Majority support for break with English GCSE system

Exam hall Students in England will no longer sit GCSEs in the core subjects from 2015

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About 90% of people who submitted views during a consultation would support the idea to break from the new English GCSE, education, officials have said.

Changes in the UK mean exam boards currently used on island will no longer exist in their present form from 2015.

A Department of Education and Children (DEC) spokesman said the response was "unequivocal."

About 800 people submitted views during a consultation into proposals to adopt a replacement for the English GCSEs.

The three options are to adopt the new English GCSEs, or move to the International GCSE or Scottish National system.

Education officials said 90% of people supported a break with the English system if there was a benefit in doing so.

Start Quote

Paul Craine

The consultation adds weight to the possibility of breaking with the English system”

End Quote Paul Craine DEC Co-ordinating advisor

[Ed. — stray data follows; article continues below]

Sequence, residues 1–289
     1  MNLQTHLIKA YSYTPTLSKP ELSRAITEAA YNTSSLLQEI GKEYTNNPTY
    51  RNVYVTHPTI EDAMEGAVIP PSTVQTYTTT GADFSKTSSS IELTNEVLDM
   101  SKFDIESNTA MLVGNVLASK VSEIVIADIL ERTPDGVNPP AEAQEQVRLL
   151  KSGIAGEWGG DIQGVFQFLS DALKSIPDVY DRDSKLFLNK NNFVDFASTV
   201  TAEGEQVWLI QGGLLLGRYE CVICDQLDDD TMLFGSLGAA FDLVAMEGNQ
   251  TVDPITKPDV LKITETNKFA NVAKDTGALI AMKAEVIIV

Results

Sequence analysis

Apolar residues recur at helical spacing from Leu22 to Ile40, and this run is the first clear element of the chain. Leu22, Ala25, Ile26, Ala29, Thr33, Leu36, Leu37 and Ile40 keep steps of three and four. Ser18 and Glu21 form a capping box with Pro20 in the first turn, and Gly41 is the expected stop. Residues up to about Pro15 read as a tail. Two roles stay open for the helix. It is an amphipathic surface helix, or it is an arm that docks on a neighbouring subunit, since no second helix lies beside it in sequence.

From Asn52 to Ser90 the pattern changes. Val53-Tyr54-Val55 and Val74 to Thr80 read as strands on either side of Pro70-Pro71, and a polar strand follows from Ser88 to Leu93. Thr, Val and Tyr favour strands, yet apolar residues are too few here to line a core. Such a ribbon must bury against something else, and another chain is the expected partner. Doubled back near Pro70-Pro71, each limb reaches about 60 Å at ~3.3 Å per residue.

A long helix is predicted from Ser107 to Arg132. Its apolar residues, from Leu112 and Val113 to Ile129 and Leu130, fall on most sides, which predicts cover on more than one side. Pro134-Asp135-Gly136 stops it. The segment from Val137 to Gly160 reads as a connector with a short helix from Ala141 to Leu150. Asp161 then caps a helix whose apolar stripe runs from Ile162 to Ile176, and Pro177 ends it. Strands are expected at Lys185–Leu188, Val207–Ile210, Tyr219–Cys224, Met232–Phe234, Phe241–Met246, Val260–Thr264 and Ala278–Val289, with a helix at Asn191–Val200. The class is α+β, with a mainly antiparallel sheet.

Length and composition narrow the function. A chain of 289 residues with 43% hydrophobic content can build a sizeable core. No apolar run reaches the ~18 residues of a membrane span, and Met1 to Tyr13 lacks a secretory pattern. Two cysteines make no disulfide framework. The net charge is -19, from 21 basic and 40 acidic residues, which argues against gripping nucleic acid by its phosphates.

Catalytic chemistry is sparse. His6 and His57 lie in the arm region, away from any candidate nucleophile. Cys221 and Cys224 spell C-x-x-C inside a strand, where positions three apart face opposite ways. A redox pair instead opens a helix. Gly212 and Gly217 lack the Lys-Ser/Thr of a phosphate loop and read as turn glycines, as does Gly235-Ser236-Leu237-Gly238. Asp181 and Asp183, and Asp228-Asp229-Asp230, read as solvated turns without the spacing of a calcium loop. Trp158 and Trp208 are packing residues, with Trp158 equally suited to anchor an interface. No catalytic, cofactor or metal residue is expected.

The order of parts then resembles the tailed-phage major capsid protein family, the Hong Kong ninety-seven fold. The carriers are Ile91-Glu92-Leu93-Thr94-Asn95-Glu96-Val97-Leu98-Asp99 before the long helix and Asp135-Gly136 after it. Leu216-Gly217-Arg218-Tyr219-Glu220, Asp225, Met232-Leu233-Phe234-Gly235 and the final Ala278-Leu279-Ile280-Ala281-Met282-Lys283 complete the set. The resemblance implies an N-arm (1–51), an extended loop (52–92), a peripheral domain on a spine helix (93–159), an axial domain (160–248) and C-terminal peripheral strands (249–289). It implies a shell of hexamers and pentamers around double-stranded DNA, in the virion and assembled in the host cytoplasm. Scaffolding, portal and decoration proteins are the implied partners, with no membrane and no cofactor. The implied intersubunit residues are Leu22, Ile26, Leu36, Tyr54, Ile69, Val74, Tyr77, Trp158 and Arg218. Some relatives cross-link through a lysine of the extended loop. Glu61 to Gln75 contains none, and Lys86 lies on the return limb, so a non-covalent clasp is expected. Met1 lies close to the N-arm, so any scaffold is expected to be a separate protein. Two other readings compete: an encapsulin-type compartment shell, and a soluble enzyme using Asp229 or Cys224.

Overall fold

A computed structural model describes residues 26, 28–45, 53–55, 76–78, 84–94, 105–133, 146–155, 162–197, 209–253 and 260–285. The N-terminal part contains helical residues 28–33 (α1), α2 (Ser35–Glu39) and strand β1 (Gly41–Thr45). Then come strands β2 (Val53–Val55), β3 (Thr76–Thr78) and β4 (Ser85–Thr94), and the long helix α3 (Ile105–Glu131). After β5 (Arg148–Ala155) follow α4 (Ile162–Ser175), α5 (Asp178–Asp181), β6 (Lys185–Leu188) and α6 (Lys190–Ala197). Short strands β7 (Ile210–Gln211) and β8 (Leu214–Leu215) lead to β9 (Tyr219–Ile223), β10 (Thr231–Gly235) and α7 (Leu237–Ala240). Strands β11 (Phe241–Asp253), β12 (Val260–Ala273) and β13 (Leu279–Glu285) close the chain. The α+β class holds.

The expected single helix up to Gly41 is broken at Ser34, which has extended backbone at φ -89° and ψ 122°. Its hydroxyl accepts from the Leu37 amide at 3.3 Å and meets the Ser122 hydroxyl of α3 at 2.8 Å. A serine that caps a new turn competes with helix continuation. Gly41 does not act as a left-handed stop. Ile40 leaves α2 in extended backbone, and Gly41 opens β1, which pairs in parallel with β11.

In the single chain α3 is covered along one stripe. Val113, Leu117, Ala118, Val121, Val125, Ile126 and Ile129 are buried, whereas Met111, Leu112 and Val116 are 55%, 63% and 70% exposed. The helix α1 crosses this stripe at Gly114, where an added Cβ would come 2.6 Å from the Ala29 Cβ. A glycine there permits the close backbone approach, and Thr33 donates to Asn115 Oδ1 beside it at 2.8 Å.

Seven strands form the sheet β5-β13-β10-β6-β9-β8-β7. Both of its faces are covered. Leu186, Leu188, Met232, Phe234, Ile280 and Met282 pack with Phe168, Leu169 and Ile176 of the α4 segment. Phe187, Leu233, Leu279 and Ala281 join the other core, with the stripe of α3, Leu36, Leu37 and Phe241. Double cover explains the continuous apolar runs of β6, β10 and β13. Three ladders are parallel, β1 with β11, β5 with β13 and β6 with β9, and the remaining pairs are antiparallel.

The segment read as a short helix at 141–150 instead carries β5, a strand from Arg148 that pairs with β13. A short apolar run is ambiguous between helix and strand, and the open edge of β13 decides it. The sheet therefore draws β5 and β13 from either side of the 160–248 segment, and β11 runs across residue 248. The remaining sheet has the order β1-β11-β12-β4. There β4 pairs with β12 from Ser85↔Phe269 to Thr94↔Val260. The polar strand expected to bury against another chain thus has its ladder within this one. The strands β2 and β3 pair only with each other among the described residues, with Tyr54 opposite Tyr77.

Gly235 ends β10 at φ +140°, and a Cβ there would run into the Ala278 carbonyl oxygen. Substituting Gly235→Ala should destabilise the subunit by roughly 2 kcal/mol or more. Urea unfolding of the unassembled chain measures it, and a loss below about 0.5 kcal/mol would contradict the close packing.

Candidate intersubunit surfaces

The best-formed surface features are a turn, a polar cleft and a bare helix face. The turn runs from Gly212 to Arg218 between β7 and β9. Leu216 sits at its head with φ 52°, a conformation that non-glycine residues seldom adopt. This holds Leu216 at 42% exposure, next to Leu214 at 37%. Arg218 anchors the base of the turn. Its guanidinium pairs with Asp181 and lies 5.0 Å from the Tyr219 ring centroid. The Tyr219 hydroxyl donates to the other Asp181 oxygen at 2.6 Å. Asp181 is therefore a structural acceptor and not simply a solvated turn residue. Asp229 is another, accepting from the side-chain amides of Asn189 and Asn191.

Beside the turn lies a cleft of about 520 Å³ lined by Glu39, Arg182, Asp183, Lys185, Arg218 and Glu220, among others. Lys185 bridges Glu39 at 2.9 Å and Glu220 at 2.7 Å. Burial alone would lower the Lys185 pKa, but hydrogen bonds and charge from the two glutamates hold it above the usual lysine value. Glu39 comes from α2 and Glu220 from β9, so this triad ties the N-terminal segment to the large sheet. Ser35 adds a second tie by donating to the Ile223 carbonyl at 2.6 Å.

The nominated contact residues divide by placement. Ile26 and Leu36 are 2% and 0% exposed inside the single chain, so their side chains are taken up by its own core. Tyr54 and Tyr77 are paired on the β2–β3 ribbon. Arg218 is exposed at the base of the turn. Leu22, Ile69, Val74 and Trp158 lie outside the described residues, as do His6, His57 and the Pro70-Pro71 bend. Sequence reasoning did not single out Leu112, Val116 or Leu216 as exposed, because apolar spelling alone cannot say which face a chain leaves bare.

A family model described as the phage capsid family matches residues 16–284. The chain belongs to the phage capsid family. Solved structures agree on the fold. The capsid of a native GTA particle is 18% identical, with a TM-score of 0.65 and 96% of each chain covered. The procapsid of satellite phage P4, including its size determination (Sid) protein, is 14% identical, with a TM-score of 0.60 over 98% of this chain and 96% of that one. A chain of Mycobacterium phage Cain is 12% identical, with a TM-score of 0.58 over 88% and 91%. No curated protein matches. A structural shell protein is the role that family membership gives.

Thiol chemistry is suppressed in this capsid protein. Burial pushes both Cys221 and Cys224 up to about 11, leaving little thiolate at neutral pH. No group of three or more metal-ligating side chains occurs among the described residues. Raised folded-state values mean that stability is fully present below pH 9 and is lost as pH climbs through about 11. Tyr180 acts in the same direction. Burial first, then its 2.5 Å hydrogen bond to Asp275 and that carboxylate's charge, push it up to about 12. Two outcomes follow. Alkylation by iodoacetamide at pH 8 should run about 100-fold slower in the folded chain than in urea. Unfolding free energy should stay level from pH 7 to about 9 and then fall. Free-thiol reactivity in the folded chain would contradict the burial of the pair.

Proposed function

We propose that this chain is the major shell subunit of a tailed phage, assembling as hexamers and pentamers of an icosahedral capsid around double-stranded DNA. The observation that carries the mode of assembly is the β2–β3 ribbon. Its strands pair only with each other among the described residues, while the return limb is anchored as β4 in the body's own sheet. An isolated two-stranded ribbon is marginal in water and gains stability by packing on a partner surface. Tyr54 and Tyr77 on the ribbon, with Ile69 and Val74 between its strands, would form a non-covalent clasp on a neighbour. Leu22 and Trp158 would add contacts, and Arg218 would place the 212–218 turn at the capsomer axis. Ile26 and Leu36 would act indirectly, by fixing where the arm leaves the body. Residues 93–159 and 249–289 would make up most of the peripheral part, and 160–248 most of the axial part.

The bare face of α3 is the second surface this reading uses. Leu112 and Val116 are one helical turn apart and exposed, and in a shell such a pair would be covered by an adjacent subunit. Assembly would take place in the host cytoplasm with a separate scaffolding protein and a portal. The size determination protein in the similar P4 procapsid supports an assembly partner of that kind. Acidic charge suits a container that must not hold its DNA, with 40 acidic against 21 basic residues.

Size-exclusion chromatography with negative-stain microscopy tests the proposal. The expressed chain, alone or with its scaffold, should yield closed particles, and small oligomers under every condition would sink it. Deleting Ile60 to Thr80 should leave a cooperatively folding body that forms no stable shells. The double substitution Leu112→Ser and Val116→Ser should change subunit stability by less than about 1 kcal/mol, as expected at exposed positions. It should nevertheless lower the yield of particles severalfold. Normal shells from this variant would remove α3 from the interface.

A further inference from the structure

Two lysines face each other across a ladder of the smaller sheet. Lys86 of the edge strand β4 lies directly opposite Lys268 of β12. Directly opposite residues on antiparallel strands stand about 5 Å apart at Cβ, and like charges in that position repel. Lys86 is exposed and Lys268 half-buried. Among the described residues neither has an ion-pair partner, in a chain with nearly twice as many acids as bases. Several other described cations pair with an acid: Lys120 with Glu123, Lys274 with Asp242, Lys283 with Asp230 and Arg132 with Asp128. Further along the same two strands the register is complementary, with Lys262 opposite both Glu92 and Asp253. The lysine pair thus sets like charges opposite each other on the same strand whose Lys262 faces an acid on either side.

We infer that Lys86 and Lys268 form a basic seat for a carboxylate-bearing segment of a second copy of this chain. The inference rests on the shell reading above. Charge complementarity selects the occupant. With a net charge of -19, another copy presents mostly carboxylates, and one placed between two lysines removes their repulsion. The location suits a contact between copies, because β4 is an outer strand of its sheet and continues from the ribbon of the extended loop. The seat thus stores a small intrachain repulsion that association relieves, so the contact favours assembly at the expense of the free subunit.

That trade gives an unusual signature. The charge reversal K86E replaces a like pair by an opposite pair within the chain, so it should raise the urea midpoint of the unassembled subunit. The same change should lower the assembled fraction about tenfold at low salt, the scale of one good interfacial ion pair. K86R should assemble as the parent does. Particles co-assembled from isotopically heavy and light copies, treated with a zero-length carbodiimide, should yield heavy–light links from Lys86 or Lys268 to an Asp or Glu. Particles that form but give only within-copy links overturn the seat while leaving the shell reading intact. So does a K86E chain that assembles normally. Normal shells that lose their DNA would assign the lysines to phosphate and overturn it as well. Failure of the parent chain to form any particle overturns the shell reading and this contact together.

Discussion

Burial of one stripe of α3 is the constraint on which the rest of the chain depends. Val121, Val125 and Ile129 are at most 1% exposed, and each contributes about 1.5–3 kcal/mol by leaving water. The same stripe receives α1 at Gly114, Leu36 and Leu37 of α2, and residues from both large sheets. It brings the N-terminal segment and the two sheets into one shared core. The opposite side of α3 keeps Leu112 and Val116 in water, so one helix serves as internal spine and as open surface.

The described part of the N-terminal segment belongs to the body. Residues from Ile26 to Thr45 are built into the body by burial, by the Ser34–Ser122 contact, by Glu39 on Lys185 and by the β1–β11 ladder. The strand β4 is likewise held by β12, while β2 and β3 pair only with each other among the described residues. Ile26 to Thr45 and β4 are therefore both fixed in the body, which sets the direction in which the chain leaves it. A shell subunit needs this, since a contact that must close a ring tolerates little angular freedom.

'Clear direction'

Early analysis shows 82% of those who submitted views during the six-week consultation would find a move to the IGCSE, owned by Cambridge University, "acceptable".

The IGCSE, which has 500,000 entries each year, is graded A* - G, while the new GCSE in England will be graded from nine (high) to one, with no coursework in most subjects.

Paul Craine of the DEC said: "The consultation indicates a higher degree of consensus than we had expected and adds weight to the possibility of breaking with the English system and adopting the International GCSE".

The DEC said about 60% of responses came from parents and a further 25% from teachers.

More than three quarters of respondents disagreed qualifications should be based solely on end-of-course examinations and less than 14% supported entirely exam-based assessment.

Department officials said they were continuing to analyse the data and wanted to provide schools with a "clear direction by July".

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